Second, Facilitative Mediation is probably the most common approach people think of when they hear the word mediation.  Facilitative mediation is the process by which the mediator “helps parties think about how to work through difficulties and toward a resolution of their own making [if so desired] without outside pressure.”  Under this approach, “[t]he mediator asks questions; validates and normalizes parties’ points of view; searches for interests underneath the positions taken by parties; and assists the parties in finding and analyzing options for resolution.  The facilitative mediator does not make recommendations to the parties, give his or her own advice or opinion as to the outcome of the case, or predict what a court would do in the case.  The mediator is in charge of the process, while the parties are in charge of the outcome.”

Third, Transformative Mediation,  in some respects, appears to be a hybrid of the common approaches.  The distinguishing factor is that the ultimate goal is for the parties to leave the mediation with an improved relationship.  “The parties . . . work with the mediator to determine the appropriate resolution process for their situation. . . . Recognition is generally considered to be an important part of transformative mediation, so that each party can understand how the other one defines the problem.”  This approach is often used to resolve workplace conflicts, because the conflicting parties typically continue to work together.  Transformative mediation, however, could easily be extended to bankruptcy cases where parties such as lenders and debtors, debtors and creditor-suppliers and debtors and landlords need to maintain a continuing relationship during and after the bankruptcy case is closed.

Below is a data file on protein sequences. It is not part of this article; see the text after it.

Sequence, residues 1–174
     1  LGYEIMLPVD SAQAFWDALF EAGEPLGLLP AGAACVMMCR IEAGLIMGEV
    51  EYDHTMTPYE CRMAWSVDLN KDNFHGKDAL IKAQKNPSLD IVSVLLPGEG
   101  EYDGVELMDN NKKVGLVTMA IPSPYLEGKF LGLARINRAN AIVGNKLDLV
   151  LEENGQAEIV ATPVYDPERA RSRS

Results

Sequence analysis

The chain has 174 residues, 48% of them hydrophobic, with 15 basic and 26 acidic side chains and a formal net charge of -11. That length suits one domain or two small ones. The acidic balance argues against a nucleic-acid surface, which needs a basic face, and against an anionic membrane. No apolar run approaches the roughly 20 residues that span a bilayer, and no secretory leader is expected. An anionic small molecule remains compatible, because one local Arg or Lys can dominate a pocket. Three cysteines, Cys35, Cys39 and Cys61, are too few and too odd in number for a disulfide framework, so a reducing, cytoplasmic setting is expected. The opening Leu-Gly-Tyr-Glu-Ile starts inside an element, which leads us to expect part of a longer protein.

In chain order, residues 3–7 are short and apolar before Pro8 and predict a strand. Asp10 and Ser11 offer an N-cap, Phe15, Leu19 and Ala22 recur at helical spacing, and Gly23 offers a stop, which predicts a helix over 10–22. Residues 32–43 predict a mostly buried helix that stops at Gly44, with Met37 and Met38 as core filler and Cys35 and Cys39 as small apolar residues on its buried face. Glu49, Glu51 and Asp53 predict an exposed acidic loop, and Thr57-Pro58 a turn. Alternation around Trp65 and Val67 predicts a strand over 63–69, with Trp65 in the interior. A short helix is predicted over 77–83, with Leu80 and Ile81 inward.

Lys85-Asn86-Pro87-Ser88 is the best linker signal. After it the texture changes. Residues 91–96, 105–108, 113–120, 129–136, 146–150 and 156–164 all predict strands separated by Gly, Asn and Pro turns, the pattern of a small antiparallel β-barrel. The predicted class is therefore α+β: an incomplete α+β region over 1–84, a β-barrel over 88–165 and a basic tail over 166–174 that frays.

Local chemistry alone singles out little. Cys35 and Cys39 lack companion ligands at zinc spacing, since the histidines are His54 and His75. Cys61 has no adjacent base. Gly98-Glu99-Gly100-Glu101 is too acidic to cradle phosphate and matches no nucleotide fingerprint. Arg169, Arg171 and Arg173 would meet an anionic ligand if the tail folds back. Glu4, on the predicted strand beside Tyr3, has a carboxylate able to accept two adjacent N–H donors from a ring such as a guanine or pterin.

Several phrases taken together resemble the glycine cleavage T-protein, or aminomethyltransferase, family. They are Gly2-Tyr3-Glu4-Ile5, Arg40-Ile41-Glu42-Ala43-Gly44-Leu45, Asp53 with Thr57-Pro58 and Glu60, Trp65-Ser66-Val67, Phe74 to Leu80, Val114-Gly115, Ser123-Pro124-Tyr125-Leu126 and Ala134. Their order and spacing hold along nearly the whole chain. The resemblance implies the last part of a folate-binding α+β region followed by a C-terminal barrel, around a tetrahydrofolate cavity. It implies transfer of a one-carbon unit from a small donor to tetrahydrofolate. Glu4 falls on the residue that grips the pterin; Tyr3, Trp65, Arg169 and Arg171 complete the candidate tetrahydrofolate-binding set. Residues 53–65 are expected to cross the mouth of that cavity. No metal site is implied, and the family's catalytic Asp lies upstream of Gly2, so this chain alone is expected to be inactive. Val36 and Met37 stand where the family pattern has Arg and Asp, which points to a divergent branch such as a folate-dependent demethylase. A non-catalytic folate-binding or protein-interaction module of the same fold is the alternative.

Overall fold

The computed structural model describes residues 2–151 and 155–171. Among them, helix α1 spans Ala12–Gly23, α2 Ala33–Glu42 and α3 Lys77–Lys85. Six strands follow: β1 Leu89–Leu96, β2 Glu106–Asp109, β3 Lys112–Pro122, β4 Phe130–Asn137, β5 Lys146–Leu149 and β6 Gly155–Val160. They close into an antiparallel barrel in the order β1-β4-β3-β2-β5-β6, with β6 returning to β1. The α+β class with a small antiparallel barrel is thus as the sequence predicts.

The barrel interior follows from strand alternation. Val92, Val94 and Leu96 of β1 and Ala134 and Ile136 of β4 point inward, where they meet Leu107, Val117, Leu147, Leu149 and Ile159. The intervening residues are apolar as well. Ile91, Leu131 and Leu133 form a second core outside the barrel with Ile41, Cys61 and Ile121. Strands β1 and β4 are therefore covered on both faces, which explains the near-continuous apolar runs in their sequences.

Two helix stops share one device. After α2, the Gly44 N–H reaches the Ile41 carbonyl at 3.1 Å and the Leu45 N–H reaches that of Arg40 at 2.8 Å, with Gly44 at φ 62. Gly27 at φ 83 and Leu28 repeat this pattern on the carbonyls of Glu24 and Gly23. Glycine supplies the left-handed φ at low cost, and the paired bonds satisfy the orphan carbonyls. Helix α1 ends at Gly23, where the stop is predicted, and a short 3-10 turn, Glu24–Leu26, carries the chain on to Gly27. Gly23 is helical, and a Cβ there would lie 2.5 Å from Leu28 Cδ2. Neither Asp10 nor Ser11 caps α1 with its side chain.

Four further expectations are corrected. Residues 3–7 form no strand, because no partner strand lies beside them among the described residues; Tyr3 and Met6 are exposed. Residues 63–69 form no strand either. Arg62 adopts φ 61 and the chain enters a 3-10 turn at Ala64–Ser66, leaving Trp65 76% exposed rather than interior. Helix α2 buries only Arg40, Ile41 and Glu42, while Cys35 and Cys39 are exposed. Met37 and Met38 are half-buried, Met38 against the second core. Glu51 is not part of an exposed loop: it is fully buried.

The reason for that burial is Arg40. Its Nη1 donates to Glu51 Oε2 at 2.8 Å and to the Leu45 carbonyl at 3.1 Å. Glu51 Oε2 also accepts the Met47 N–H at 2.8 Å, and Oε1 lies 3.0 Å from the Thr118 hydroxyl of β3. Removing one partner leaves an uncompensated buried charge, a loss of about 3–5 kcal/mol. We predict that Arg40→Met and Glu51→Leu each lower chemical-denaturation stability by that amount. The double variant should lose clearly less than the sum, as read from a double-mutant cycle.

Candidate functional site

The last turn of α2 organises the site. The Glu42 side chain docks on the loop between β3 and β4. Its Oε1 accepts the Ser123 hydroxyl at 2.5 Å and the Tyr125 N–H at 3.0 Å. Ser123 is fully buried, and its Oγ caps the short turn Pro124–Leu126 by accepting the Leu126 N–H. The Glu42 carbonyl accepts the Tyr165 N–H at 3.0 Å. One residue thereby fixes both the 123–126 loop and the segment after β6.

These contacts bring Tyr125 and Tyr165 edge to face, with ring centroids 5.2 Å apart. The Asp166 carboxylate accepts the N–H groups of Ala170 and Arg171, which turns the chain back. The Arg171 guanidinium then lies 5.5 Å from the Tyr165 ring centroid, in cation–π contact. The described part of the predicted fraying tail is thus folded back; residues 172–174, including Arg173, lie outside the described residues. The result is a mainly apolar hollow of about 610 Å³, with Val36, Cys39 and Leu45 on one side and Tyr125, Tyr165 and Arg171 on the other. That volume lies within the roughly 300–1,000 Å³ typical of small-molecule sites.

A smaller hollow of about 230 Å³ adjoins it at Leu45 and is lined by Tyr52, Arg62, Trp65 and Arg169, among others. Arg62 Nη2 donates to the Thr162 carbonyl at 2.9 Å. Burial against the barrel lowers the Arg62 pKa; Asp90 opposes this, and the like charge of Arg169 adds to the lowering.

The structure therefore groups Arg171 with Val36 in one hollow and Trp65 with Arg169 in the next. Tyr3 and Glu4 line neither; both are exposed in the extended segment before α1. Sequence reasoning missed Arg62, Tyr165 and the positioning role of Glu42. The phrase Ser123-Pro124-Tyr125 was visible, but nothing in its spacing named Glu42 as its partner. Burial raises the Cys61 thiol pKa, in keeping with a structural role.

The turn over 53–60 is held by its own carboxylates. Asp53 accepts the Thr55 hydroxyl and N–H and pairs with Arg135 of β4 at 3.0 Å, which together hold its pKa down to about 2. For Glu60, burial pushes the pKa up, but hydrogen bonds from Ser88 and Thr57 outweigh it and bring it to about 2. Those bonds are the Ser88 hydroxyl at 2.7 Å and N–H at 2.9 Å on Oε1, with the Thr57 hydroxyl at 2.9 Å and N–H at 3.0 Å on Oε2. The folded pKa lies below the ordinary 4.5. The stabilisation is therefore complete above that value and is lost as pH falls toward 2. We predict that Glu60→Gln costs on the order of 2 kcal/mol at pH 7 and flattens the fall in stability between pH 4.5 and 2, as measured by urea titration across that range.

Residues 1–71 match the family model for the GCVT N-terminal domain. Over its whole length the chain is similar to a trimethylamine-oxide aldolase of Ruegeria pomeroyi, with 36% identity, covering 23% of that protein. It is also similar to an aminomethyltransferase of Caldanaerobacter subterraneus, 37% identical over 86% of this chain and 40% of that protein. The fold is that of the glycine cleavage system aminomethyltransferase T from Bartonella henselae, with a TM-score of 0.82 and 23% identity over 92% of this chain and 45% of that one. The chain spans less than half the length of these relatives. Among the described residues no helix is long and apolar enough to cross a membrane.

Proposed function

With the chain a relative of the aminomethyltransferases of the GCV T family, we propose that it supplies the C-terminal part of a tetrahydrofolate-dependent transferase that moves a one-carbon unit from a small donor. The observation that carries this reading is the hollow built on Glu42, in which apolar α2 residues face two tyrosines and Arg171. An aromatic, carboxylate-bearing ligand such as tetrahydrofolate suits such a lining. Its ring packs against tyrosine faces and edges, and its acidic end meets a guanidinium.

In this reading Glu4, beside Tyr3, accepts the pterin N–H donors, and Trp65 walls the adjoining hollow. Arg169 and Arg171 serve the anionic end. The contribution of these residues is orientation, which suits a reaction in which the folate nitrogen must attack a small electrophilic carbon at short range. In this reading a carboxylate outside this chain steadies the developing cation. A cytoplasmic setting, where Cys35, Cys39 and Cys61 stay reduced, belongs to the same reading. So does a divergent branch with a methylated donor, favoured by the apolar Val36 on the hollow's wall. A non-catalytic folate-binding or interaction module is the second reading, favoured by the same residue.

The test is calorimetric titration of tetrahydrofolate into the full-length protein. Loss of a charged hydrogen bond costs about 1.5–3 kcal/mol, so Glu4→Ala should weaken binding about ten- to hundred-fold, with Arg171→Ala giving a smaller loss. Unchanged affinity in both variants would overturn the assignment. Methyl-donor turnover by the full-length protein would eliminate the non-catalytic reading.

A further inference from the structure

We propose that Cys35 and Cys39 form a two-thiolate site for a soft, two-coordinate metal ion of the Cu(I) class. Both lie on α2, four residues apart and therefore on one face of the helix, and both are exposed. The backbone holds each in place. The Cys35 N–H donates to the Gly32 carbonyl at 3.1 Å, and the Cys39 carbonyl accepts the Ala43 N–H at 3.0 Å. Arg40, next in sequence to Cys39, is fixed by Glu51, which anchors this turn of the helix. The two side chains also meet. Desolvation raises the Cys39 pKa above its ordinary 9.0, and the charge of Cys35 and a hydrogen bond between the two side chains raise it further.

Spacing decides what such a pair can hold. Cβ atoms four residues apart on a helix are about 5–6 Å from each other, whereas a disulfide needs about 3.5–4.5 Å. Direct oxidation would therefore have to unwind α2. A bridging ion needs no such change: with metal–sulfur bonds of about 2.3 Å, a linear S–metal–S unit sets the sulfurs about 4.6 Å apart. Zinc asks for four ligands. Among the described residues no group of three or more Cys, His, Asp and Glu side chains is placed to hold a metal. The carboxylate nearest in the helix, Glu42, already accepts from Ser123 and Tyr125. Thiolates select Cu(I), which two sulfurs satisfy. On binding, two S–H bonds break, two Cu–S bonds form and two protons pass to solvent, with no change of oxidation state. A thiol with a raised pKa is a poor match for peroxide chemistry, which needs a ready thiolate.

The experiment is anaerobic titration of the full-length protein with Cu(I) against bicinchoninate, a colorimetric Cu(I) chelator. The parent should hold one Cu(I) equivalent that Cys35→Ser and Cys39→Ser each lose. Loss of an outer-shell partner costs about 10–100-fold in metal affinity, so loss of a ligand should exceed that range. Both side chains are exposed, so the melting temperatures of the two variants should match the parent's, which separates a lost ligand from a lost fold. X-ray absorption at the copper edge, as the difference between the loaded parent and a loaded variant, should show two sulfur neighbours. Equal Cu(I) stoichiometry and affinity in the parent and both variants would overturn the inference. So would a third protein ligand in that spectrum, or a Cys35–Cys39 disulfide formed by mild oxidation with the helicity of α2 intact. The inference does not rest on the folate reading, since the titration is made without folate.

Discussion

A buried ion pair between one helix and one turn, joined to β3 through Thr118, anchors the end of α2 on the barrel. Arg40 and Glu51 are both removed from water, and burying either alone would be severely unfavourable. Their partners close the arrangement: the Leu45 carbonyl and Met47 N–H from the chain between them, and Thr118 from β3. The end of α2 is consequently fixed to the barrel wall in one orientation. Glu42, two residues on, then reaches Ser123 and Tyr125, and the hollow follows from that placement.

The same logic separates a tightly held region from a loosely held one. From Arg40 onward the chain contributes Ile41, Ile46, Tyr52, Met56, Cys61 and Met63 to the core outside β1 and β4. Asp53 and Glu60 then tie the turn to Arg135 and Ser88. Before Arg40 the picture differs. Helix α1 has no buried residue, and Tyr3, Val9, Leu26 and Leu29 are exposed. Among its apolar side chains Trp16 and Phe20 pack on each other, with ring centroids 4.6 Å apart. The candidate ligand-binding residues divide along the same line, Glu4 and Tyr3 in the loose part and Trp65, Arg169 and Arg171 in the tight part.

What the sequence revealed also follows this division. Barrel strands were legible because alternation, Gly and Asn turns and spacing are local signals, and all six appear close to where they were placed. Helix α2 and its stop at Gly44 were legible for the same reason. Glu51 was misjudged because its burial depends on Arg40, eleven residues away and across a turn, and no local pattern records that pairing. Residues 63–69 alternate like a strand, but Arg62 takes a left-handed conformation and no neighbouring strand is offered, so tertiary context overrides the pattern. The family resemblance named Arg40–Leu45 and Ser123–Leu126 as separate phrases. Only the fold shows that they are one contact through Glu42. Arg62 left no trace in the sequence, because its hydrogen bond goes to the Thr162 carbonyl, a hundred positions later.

Fourth, “Narrative Mediation builds on the storytelling metaphor.  It is both an approach and a methodology, providing mediators with a way of incorporating stories into the very fabric of mediation.”  This allows parties to move from positions of “victimized and protagonist” and “victimizer and antagonist,” to a shared story without pinning the responsibility for the conflict on any one side.  “This leaves conflict parties with a previously ‘closed’ interpretation (their story) open to new possibilities and interpretations.”  The ultimate goal is that through storytelling, the parties move toward a “new climate of openness [leading] to the genesis of  a new account [story] and mutually satisfying interpretations and outcomes.”

While there are several approaches to mediation, the takeaway here is that the parties should work together to agree on a method, communicate that approach to the mediator and re-evaluate where necessary to change methods given the particulars of their individualized situations and any changed dynamics over time.  Mediators should also be clear to communicate their methods to the parties (whether it be one method or a combination of methods and approaches), encourage the parties to agree on the approach and understand what methods work best for specialized issues, matters and areas.

What method, if any, do you think best suits bankruptcy-related disputes?

Sources:

Zena Zumeta, Styles of Mediation: Facilitative, Evaluative and Transformative Mediation, http://learn2mediate.com/resources/nafcm.php.

Diane Cohen, Evaluative Mediation, http://www.mediate.com/articles/CohenDbl20110321.cfm (Mar. 2011).

What Facilitative Mediation Has to Offer, http://dianecohenmediation.com/site/what-facilitative-mediation-has-to-offer/ (Jan. 2010) (originally published at mediate.com).

Alison Faria, What is Transformative Mediation?, http://www.wisegeek.com/what-is-transformative-mediation.htm.

Toran Hansen, The Narrative Approach to Mediation, http://www.mediate.com/articles/hansenT.cfm (Sept. 2003).